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What Could A UK “Vaccine Passport” System Actually Look Like?

11 min read

After months of contradictory messaging on vaccine passports, Boris Johnson has confirmed that so-called “covid status certificates” are under consideration.

Setting out his roadmap out of lockdown, the Prime Minister said that a review was in the works to “consider the potential role of Covid status certification in helping venues to open safely” while also being “mindful of the many concerns surrounding exclusion, discrimination, and privacy”.

On Monday, the European Union announced plans for a "digital green pass" that would provide “proof that a person has been vaccinated” against Covid-19, as well as details of tests, and “should facilitate Europeans‘ lives”.

Regardless of what you call them  – Covid status certificates, vaccine passports or immunity cards, digital green pass – the proposal remains largely the same: a piece of documentation, either physical or digital, which can be used to prove you have some form of immunity against Covid-19 in order to access a place or service. 

The UK government has denied at least 11 times that vaccine passports were in the works, but by mid-February there were reports that the Cabinet Office was discussing just such a plan

What could they look like in the UK, where might they be used, and will we really need one to return to normal life?

How could the vaccine passport work?NHS App/Alamy

When people talk about passports the most obvious image is that of a bound paper booklet. Just such a document for vaccines is already required by many states as a condition of entry to prove inoculation against diseases like yellow fever and polio. 

But, when it comes to a coronavirus passport, most governments and companies are envisioning some form of app. So why go digital? 

The simple answer is that paper documents or rubber stamps are much easier to fake. Numerous cases of criminals selling fake Covid-19 test results, allowing travellers to dodge international restrictions, have already been reported by EU law enforcement agency Europol.

EU law enforcement agency Europol recently warned that it had already seen numerous cases of criminals selling fake Covid-19 test results to allow travellers to dodge international restrictions. Paper vaccination documents or stamps in a passport are equally at risk of such fraud.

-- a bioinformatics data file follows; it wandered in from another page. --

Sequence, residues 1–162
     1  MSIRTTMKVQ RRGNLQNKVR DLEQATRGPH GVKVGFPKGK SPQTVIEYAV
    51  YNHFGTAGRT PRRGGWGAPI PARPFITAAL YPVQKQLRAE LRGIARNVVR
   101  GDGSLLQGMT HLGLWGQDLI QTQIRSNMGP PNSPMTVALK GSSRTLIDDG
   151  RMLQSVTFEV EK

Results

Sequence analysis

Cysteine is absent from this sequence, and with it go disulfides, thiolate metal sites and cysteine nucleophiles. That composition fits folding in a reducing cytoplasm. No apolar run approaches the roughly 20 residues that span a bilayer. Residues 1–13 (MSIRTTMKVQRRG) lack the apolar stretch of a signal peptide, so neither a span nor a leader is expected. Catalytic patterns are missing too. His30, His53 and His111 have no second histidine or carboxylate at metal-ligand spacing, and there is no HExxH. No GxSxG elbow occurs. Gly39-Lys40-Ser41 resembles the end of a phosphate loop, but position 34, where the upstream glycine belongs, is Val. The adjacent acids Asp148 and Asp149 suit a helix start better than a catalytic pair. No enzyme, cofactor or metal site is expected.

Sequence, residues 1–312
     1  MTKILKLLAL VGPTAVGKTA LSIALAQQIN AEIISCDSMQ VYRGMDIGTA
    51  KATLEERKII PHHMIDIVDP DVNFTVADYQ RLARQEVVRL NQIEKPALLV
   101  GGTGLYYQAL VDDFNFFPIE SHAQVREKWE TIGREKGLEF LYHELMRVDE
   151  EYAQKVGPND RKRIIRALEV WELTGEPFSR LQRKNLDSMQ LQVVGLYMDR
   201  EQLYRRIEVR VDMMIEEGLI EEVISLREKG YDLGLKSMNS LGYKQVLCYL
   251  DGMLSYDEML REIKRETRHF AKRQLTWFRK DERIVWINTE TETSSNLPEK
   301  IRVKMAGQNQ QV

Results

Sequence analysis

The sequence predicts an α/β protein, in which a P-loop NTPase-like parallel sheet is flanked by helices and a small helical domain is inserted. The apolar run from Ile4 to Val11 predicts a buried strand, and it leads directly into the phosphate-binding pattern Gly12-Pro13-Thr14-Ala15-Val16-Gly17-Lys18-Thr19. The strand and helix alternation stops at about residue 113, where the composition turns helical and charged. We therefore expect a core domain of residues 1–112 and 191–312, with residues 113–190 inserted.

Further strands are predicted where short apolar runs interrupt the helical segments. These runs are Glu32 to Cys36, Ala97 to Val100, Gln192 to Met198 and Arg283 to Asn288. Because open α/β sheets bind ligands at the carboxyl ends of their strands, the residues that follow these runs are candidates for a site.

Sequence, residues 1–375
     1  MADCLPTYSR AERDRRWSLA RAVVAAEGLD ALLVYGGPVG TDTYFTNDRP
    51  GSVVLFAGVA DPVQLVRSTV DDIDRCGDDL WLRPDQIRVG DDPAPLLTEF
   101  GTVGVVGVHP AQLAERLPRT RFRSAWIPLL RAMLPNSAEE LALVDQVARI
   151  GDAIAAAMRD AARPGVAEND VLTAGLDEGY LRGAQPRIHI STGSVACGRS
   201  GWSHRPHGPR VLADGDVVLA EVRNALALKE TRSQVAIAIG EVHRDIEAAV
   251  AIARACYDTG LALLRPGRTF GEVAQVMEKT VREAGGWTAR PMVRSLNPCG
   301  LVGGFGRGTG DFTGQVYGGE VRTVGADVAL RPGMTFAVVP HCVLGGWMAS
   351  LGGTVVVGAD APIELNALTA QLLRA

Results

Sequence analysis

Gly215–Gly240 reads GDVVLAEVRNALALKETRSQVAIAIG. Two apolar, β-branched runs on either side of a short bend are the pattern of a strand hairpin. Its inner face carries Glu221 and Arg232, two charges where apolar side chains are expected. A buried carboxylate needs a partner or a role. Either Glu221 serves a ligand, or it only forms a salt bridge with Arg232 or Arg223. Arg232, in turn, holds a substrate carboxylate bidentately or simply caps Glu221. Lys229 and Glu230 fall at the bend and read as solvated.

If the UK is stuck for inspiration regarding a vaccine passport app it could look to Israel, where citizens can now enjoy many newly-reopened activities provided they prove their vaccination status using a government-backed digital ‘Green Pass’.

The plus side of the Israeli model is that it’s fairly simple: a unique QR code is issued once you’ve had two vaccine doses and is available via the official Ramzor (Traffic Light) app or the Ministry of Health website. Those without internet access can also get theirs via an automated hotline.

However, no accommodations are available for those either unable or unwilling to take the coronavirus vaccine. In fact, the country’s health minister Yuli Edelstein has publicly stated that “whoever does not get vaccinated will be left behind”, arguing that it is a citizens “moral duty” to take the vaccine.Much like Israel, the UK is reportedly considering adding a feature to an existing app rather than creating something from scratch. The Times reports that the preferred option is the existing NHS app allowing users to provide their vaccination status to businesses and venues.

This core app — used to book GP appointments and view medical records — is separate from the NHS Covid-19 contact tracing app, and is the favourable choice as it already holds personal medical data as well as the necessary privacy features to protect it.

Plus, it already has the capabilities for digital health passports built in. Facial recognition software was added to the app by developers iProov in May 2020, and the company said at the time that the technology could be used for Covid-19 immunity passports in the future.

iProov announced in January that trials of such passports, developed alongside fellow tech firm Mvine, were already underway, with a view to finish by the end of March 2021.

But this isn’t the only project on the government’s radar. In total, the government’s science and research funding agency Innovate UK has handed out £450,000 of funding to eight similar ventures, of which £75,000 has gone to iProov and Mvine.

There are a number of frontrunners already vying for this new space in the market and trying to solve the two biggest stumbling blocks: verification and security. How do you, on an international scale, authenticate somebody’s medical data, link that data to their identity, and do so without compromising their privacy?

Companies like AOKpass and CommonPass — which are already being trialled in airports around the world — offer up a scannable QR code which provides only a yes or no answer to the scanning party regarding the holder’s coronavirus status. The user’s personal and medical data are verified separately by the company and so isn’t displayed to airports and airlines when travelling.

UK-based firm VST Enterprises, however, is wary of “unregulated” QR codes, choosing to secure health data on the V-Health Passport with its own patented VCode technology (which is reportedly capable of producing 2.2 quintillion unique scannable codes). 

Who supports vaccine passports?

Airports are likely to be the first setting where people will use a digital health passport in the future. Unsurprisingly, the decimated aviation and tourism sectors have been among the strongest advocates for their introduction. 

The International Air Transport Association (IATA) reported a collective $84.3 billion (£60.5 billion) in losses in the first four months of the pandemic alone, and the United Nations World Tourism Organization (UNWTO) described 2020 as the “worst year in tourism history” with 1 billion fewer international arrivals compared to the previous year.